Norfolk Southern train derailments have been a subject of controversy for quite some time and the company’s Chief Executive Officer just got grilled in Washington D.C. over it during his congressional testimony. And, moments before he testified, another Norfolk Southern train derailed, only making matters worse.
A Norfolk Southern train derailed in Alabama hours before Norfolk Southern CEO Alan Shaw appeared before Congress on Thursday.
According to the Calhoun County Emergency Management Agency, 37 train cars came off the tracks. Injuries were not reported from the derailment, and officials said hazardous materials were not at risk.
According to Norfolk Southern’s senior communications manager, Connor Spielmaker, two of the cars carried residue hazardous material, which means they previously carried hazardous material.
Meanwhile, in an appearance before Congress, Norfolk Southern CEO Alan Shaw apologized for the February 3rd derailment of the East Palestine, Ohio train carrying toxic materials that is still in the cleanup phase.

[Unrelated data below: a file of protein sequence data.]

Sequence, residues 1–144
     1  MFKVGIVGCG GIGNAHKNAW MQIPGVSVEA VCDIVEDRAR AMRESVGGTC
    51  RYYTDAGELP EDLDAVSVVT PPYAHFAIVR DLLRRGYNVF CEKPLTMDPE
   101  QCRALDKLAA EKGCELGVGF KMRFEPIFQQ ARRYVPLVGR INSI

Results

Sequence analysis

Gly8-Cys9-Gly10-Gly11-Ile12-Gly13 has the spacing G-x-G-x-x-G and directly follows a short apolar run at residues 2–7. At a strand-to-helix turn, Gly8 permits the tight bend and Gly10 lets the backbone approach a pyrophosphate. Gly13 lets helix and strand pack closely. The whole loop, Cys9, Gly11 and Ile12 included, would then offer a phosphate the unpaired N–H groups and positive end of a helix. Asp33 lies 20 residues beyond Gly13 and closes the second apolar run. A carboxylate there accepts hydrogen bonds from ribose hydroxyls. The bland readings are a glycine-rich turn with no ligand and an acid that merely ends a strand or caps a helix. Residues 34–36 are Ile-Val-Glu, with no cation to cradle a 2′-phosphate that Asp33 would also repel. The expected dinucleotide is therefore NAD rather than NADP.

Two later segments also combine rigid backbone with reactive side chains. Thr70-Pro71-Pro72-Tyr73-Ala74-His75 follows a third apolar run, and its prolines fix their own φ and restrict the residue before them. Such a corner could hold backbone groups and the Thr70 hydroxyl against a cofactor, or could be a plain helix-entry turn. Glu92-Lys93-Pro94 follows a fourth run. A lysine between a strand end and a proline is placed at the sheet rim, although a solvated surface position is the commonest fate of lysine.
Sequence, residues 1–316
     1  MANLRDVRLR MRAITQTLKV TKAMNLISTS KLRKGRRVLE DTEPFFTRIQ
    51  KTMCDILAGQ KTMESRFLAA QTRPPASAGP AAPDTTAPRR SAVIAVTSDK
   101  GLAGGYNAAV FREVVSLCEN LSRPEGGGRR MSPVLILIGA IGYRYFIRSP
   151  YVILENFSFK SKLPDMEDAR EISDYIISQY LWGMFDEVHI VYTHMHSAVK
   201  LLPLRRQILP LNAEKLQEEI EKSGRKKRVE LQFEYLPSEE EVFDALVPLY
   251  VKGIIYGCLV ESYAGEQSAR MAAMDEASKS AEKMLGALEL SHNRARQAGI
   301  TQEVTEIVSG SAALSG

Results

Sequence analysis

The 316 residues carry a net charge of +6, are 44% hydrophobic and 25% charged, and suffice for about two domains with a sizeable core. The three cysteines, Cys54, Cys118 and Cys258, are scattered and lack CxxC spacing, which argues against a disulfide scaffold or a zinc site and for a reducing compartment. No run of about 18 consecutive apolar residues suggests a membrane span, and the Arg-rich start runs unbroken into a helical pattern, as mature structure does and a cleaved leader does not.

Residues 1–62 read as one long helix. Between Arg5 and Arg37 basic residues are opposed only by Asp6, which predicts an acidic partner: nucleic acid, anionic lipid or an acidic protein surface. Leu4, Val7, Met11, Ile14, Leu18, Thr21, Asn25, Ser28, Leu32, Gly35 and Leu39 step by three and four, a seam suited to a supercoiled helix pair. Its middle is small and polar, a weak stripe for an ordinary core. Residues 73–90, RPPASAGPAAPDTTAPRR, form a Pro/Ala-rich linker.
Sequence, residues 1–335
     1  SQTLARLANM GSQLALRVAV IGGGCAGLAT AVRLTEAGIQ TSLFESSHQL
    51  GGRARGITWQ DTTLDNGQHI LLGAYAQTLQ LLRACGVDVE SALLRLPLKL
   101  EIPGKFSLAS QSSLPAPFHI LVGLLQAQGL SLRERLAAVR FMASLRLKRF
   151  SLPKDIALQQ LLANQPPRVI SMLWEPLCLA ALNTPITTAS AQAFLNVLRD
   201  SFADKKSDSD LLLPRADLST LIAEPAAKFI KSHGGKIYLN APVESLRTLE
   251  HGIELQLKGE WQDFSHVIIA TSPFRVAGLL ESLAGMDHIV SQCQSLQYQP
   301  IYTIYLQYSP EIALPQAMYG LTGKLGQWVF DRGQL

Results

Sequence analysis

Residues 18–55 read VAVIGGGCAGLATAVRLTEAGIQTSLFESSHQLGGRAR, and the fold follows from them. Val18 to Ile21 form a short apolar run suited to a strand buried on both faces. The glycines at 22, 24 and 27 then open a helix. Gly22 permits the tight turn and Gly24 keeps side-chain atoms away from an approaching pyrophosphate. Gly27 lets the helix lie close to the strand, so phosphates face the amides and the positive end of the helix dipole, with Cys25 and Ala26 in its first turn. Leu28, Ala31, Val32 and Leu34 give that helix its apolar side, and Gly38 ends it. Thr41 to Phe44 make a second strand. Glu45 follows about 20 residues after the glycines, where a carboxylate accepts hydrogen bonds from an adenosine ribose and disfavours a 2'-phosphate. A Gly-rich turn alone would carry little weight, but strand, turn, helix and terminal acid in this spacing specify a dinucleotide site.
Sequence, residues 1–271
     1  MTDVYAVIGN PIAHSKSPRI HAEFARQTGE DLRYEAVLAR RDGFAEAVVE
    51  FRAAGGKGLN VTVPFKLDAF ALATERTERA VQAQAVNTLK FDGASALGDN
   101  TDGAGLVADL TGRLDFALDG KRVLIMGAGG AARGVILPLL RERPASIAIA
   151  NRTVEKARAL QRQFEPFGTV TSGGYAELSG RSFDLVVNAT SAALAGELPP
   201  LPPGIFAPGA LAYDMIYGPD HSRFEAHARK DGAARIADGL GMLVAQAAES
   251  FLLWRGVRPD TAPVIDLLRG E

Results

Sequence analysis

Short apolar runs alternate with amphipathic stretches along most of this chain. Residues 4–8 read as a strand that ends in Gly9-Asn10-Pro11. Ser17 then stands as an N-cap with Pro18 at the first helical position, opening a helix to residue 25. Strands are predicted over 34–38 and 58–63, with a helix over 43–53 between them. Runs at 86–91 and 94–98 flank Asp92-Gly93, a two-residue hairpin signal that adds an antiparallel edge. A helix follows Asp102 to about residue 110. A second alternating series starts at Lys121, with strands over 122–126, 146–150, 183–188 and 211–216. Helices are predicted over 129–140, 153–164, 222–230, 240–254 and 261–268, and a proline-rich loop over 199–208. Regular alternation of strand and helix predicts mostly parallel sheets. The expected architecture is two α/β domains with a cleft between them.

One tense moment of Shaw hearing came from a line of questioning from Democrat Senator Ed Markey, who pressed the CEO on how the company plans to help the community of East Palestine after the derailment site is cleared.
Markey specifically asked Shaw about how the company plans to assist homeowners who may want to move out of the area but cannot, since home appraisals most likely will be decreased due to the negativity surrounding the town in connection to the derailment and release of toxic chemicals.
It is unacceptable that, just hours before CEO Alan Shaw appeared before Congress to discuss the catastrophic derailment of the East Palestine, Ohio, train in February, another Norfolk Southern train derailed in Alabama. Shaw apologized in his Congressional appearance and was pressed to explain how the company will help the affected community when the site is cleared, however, regardless of any apology or plans for restitution, it should never have been this way– Americans shouldn’t have to deal with these types of catastrophes, and the company must accept total responsibility and accountability.
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